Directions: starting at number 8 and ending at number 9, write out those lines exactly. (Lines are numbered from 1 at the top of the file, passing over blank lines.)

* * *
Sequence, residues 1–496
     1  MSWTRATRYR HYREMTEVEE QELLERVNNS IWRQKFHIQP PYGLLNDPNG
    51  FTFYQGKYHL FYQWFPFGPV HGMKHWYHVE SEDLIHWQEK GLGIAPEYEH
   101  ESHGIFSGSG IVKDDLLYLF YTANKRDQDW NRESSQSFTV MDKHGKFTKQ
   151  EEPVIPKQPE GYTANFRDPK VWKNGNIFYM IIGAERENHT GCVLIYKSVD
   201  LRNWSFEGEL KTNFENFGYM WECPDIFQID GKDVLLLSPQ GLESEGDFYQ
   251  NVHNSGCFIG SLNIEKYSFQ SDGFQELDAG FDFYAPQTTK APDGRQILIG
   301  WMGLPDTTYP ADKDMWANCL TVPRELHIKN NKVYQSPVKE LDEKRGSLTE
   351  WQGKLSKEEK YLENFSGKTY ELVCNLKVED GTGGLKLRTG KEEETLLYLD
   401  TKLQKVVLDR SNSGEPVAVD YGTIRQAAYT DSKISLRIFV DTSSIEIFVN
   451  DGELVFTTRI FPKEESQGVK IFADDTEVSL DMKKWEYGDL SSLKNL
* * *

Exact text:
   301  WMGLPDTTYP ADKDMWANCL TVPRELHIKN NKVYQSPVKE LDEKRGSLTE
   351  WQGKLSKEEK YLENFSGKTY ELVCNLKVED GTGGLKLRTG KEEETLLYLD